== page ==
## Introduction

Stable isotope analysis (SIA) is a popular tool for analysing food webs, and mixing models are used to quantify the links between consumers and their dietary sources based on their stable isotopic signatures (Fry 2006; Layman *et al*. 2012). The numerous assumptions and methods of SIA necessitate an evaluation of a proposed mixing model, before that model is run. It is assumed, for example, that every source in a mixing model contributes to the consumer's diet and that the model adequately explains the isotopic signature of every consumer. It is further assumed that an analysis has correctly estimated or applied: trophic enrichment factors, isotopic turnover rates, variance in source signatures and the aggregation of dietary sources to constrain model outputs (Cabana & Rasmussen 1996; Phillips, Newsome & Gregg 2005; Boecklen *et al*. 2011; Layman *et al*. 2012). Violations of these assumptions (such as a missing dietary source) have often been assessed using the ‘point-in-polygon’ approach (e.g. Benstead *et al*. 2006); that is, for mass balance to be established in a linear mixing model, a consumer's isotopic signature must be within a polygon bounding the signatures of the sources (Phillips & Gregg 2003). If a consumer's signature is outside this polygon, then no solution exists for that consumer, and one or more assumptions of mixing models have been violated.

A recent development are Bayesian mixing models that formally incorporate the uncertainty of trophic enrichment factors (the consistent difference in an isotopic ratio between a predator and its prey) and of isotopic signatures (e.g. SIAR, Parnell *et al*. 2010; MixSIR, Moore & Semmens 2008). Modelling this uncertainty has created more powerful and realistic models (Layman *et al*. 2012), but it has also made model evaluation more difficult. This is because the source data are distributions, not average values, and there is no longer a discrete mixing polygon to assess for point-in-polygon (as exists in IsoSource, Phillips & Gregg 2003). The Bayesian mixing models will calculate source contributions even when a model is very unlikely to satisfy point-in-polygon for every consumer (Parnell *et al*. 2010). Points can be visually inspected in reference to confidence intervals or to the area enclosed in lines joining confidence ellipses (Hopkins & Ferguson 2012), but this assessment is largely qualitative, is not practical in three dimensions and may not accurately predict the mixing space predicted by frequentist sampling methods. A quantitative tool for point-in-polygon is needed to allow an *a priori* evaluation of these mixing models, by indicating when the data are unlikely to create the mixing geometry needed for a logical model.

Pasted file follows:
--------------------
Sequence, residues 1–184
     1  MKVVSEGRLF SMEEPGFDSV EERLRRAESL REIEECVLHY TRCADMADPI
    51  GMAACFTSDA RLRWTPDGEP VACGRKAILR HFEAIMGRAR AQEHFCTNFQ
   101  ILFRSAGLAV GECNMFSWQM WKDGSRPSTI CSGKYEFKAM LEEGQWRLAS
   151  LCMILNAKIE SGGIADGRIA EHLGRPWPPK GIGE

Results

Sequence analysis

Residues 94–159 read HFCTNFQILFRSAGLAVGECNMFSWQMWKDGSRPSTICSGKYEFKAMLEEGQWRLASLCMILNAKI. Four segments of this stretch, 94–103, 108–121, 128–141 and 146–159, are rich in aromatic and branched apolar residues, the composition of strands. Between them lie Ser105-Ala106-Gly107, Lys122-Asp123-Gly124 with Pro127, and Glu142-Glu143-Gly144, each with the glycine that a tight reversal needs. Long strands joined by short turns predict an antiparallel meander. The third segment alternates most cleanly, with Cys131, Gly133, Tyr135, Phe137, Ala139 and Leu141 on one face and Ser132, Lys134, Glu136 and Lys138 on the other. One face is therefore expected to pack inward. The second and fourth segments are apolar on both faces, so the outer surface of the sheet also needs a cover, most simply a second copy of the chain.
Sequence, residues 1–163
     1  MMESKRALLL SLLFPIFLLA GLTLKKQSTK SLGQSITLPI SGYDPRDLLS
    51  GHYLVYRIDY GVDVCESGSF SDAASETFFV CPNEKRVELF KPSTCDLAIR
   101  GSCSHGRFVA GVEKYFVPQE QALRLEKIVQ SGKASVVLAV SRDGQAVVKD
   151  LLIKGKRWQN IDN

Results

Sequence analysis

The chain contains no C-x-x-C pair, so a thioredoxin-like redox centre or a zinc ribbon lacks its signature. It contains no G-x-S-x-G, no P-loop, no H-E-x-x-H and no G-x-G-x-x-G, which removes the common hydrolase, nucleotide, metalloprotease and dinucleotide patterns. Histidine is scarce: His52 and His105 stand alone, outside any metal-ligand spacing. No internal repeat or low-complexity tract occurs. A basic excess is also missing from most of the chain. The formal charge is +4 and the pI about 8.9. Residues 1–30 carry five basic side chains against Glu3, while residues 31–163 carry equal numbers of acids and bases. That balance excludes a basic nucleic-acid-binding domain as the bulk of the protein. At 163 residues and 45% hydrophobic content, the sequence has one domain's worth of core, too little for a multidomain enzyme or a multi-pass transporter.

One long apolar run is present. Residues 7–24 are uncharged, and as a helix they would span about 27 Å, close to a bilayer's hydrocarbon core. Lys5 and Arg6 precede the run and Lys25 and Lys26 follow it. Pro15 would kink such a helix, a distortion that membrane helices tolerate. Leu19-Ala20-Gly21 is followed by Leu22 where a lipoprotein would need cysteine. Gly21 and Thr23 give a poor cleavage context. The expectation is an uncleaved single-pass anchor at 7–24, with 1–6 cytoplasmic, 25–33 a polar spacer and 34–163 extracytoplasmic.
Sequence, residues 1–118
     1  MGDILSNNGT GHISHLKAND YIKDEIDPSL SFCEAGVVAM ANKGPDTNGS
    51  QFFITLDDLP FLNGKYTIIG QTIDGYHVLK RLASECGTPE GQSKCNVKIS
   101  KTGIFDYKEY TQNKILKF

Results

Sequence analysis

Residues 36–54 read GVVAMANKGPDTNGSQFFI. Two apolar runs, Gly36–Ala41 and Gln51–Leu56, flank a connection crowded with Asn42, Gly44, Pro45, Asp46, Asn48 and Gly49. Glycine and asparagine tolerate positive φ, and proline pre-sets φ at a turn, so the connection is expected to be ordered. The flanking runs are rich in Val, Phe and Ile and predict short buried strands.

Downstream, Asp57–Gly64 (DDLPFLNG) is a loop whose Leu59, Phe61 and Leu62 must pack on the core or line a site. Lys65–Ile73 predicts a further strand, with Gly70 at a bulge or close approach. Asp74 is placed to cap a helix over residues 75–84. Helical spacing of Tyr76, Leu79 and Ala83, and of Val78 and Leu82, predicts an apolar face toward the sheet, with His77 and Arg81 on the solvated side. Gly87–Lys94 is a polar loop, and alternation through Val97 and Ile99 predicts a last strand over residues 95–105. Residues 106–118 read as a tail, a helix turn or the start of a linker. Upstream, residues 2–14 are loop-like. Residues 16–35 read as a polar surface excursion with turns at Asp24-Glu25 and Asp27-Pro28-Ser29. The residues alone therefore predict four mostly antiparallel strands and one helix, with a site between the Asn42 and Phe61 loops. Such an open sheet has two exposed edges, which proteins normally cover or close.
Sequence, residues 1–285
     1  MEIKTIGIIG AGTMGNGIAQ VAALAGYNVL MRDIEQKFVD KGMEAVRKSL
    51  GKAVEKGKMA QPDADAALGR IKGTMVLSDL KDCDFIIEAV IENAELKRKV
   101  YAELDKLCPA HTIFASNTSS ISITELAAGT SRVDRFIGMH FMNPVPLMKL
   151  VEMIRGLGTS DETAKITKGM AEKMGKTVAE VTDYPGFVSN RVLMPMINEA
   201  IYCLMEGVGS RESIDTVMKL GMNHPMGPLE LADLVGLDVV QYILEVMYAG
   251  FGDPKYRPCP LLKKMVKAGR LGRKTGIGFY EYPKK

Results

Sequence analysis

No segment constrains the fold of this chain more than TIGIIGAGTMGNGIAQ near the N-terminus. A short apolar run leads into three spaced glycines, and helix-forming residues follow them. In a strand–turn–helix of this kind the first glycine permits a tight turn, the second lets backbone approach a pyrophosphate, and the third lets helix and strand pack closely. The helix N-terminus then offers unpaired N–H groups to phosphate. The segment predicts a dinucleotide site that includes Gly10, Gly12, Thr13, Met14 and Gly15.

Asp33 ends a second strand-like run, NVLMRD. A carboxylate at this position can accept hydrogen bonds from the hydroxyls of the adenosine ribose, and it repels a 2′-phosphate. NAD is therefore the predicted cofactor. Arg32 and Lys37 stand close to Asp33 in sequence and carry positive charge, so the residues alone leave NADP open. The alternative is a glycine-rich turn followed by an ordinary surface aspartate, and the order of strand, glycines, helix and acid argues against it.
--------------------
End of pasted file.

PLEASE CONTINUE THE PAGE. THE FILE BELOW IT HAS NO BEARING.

Our method for the evaluation of these models is to generate a large number of possible mixing polygons with a Monte Carlo simulation, using the same uncertainty incorporated in the Bayesian mixing models and testing these polygons for point-in-polygon (i.e. the ability to establish mass balance). The proportion of iterated polygons that satisfy the point-in-polygon assumption is calculated for each consumer and is interpreted as the frequentist probability that a consumer's isotopic signature can be explained by the proposed model. This probability provides a quantitative basis for consumer exclusion (any consumer outside the 95% mixing region, for example), for the correction of trophic enrichment factors (to ensure all consumers are within the 95% mixing region) or for outright model rejection. The mixing polygon simulation is demonstrated using an SIA of an Australian freshwater food web.